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IZM Interviews: Cath Garvey (Job Haunting)

Hi Cath, Happy International Zine Month! How is life going at the moment? For people who don’t know you, can you tell me a bit about yourself?

Hi Vicky! I’ve been keeping myself busy, thankfully. I’m a Liverpool Illustrator who makes comics and zines on aliens, ghosts and self-help.

The zine of yours, Job Haunting, that we put out via Pen Fight Press, is a comic about a ghost who’s job hunting. What inspired that zine, and why did you make your main character a ghost?

My circumstances inspired my zine, I lost my job and went on Universal credit after University. I was frustrated and tired by how I was treated so I made short comics to vent. The character is a ghost because it was how I felt at the time and my state of mind. Also, constant movement and shakiness the ghost has  best shows how unstable the whole situation feels.

You recently adapted the zine into a short animation – can you tell me more about the process of creating the animation and the release of it?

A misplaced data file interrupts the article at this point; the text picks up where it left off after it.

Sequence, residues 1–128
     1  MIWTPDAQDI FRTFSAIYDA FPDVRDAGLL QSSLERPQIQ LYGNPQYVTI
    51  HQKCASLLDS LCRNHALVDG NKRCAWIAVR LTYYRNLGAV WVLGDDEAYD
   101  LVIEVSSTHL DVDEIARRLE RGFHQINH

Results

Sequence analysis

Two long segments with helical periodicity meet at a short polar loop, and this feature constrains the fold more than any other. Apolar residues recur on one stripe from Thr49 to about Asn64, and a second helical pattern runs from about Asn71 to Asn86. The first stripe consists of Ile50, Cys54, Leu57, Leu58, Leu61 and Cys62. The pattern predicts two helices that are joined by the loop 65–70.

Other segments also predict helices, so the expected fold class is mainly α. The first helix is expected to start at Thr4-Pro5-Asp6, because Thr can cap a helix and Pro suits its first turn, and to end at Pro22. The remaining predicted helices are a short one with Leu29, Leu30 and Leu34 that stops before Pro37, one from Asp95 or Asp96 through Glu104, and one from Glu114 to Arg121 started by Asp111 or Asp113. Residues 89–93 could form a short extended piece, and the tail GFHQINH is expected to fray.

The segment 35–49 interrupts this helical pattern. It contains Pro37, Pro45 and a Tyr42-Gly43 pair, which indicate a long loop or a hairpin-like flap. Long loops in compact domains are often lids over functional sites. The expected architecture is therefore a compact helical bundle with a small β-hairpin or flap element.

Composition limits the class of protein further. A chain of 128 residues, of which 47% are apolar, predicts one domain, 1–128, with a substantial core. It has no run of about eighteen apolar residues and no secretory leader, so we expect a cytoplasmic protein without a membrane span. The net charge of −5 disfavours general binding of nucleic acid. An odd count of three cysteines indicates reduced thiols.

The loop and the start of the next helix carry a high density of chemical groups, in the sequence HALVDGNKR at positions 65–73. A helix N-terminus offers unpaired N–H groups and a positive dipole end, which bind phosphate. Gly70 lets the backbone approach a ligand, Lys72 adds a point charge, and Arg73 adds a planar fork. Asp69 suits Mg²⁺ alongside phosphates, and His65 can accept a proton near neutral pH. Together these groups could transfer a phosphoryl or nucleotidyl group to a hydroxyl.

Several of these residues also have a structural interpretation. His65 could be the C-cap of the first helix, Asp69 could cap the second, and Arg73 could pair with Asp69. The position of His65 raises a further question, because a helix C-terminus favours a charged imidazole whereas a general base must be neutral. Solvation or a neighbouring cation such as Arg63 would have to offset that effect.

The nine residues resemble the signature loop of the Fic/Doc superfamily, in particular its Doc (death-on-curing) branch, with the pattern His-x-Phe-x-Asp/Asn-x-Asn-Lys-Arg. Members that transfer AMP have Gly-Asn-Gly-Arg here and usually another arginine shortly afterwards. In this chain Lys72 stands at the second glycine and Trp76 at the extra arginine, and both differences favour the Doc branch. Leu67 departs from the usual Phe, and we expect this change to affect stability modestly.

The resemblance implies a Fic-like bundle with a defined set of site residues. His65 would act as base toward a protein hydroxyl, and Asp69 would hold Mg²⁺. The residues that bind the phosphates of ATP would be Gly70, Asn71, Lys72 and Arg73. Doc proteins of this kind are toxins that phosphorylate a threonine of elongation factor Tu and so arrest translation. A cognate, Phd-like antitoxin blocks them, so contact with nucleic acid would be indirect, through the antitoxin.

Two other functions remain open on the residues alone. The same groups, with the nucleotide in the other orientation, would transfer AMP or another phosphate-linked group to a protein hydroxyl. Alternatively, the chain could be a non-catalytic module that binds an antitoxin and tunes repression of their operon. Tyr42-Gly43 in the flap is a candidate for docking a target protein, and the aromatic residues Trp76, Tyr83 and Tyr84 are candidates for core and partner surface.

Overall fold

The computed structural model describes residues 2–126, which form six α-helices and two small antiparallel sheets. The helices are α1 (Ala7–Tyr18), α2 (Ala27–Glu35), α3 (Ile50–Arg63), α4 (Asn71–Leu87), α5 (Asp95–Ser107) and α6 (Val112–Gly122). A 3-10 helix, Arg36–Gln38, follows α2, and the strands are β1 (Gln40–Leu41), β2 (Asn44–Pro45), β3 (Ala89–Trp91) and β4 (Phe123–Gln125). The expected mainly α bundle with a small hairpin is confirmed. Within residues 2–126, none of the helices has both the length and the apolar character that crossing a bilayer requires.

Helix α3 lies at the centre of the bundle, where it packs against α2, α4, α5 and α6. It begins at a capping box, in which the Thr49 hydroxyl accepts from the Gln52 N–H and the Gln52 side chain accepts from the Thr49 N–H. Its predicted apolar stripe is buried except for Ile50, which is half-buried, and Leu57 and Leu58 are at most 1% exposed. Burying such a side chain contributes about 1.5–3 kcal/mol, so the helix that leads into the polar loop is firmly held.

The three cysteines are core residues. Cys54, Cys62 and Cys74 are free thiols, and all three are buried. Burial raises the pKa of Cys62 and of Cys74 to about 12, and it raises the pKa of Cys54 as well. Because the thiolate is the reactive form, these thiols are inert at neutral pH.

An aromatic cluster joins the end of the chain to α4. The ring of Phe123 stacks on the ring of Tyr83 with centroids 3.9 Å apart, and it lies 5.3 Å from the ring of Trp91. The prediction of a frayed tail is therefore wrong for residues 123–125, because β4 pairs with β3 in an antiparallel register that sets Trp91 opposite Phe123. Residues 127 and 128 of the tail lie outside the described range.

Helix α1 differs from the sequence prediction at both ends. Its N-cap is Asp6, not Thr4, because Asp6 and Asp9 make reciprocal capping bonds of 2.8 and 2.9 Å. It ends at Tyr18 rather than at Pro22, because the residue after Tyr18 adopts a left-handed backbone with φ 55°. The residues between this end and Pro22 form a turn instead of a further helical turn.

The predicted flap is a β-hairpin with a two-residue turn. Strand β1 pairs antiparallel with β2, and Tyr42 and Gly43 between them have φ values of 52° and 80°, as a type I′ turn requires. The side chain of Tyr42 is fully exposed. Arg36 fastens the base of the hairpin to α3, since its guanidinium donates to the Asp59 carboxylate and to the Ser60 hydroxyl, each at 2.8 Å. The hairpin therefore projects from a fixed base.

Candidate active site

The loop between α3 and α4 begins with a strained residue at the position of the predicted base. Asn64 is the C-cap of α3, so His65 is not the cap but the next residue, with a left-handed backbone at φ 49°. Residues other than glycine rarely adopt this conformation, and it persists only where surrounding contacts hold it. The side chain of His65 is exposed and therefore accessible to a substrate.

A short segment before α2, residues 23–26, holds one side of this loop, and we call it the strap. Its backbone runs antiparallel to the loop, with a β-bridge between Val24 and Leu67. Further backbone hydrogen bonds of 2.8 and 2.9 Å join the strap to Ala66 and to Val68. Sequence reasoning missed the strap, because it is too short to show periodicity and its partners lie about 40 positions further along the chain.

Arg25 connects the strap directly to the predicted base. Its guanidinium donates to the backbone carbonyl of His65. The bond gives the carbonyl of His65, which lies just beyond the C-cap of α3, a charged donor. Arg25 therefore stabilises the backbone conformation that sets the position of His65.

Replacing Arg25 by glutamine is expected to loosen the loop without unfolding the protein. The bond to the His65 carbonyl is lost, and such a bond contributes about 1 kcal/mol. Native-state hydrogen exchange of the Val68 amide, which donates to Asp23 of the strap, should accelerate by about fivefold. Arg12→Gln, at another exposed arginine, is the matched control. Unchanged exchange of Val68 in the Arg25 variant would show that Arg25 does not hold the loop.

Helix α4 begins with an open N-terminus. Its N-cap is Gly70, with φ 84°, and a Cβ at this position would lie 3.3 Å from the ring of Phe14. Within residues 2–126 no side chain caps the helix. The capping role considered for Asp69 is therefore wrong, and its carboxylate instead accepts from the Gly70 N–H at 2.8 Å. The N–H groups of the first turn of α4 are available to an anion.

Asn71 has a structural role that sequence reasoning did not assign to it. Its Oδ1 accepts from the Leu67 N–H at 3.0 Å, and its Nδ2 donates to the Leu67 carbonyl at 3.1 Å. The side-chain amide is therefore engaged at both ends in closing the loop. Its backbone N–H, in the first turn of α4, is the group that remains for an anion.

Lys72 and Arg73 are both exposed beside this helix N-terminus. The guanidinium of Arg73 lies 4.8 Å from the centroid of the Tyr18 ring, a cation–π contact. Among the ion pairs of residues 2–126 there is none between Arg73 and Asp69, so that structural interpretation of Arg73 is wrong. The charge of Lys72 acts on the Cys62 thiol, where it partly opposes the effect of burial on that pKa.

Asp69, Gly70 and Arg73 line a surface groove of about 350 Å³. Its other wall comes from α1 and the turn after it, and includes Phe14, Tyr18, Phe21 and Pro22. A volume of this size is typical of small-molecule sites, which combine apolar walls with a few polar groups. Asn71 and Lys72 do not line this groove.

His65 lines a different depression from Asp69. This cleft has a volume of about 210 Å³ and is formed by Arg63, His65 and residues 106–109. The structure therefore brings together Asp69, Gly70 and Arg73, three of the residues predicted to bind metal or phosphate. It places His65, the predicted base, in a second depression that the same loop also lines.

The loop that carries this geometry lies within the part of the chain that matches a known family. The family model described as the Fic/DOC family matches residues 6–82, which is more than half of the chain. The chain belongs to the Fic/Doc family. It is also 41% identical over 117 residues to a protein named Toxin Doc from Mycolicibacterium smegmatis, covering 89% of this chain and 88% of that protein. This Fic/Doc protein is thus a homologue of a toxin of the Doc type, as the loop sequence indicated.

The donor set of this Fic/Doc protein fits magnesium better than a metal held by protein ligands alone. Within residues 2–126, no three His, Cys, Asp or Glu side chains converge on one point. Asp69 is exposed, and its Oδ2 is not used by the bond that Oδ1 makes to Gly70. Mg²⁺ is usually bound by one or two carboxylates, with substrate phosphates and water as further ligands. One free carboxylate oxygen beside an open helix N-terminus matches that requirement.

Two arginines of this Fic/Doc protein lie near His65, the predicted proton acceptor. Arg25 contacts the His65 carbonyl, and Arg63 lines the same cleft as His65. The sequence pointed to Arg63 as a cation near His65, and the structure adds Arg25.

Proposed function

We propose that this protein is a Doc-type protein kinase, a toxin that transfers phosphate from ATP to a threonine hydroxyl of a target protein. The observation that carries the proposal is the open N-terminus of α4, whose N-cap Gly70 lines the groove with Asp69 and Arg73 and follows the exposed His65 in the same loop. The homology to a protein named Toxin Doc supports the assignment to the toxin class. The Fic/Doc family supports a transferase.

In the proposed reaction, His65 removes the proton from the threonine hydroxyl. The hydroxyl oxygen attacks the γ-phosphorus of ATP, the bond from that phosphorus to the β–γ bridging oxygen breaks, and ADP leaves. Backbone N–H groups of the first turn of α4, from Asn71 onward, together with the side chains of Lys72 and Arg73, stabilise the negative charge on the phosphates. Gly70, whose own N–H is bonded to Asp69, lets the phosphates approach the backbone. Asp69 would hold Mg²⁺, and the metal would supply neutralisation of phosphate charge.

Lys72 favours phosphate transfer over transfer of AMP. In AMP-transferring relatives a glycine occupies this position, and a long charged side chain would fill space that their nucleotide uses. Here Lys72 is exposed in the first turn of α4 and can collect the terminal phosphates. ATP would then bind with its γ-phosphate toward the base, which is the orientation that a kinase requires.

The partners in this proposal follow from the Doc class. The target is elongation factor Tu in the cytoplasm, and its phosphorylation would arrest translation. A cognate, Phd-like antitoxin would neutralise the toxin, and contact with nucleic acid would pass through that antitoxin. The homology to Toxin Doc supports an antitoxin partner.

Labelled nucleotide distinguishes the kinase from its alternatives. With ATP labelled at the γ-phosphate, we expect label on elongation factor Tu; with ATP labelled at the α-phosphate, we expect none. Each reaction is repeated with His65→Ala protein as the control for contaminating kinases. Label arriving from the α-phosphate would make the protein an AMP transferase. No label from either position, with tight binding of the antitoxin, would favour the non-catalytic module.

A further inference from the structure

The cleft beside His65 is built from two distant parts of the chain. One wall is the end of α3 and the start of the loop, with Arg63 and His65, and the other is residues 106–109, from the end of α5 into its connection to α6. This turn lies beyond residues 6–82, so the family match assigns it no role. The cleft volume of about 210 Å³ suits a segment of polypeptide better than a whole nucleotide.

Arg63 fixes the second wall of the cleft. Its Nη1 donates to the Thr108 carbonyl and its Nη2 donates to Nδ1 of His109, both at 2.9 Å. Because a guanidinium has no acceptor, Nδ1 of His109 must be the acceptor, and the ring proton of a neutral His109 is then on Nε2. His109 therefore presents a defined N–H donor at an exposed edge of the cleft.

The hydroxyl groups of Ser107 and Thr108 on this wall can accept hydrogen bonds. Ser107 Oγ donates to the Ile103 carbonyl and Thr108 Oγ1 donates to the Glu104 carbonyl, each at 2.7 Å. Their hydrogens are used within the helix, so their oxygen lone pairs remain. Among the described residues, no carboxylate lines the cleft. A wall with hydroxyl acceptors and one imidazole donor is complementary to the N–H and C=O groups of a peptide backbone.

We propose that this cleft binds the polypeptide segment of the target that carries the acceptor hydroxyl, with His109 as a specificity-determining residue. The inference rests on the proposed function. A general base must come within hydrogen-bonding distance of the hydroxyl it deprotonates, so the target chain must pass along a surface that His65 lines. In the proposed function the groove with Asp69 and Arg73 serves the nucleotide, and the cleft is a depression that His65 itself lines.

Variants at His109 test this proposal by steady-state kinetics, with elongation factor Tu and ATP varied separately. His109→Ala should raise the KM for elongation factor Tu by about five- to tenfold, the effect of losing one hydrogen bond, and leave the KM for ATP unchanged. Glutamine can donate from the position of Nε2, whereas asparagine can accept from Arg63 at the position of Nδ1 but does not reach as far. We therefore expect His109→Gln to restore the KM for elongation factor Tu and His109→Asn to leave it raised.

I pitched the zine to BBC New Creatives to help me develop and offer funding to animate it. I got it, went up to Newcastle, met the other film makers who also received the funding and then I went on holiday. Because of Brexit.

When I got back from Holiday, I spent a lot of time on the script, which had 8 drafts by the end. I found it pretty hard to keep everyone happy, while also keeping my message honest. New Creatives introduced me to Fettle Animation, who were great to work with and taught me a lot. They animated most of the scenes, while I worked on the office scenes and graveyard.  

a scene from Job Haunting

The best part of making my animation was the voice actresses, I wanted my ghost to be played by a Liverpool actress. And it was really hard to find an actress that was from Liverpool. A lot of talent agencies don’t hire people from Liverpool and when they do, they’re encouraged to lose the accent completely. It took a while to find the right person, to the point I was certain we won’t find anyone. Then Fettle Animation found Katie George, who did an amazing job and was exactly the voice I needed. And I’m so so so glad I insisted on having a Liverpool voice, it really wouldn’t have been the same if I went with any other accent.

a still from the animation of Job Haunting.

After that it was 2 months straight of animating, which I was ill for most of it. Once done we sent it off to the BBC. The animation aired on BBC Four on a show called Get Animated.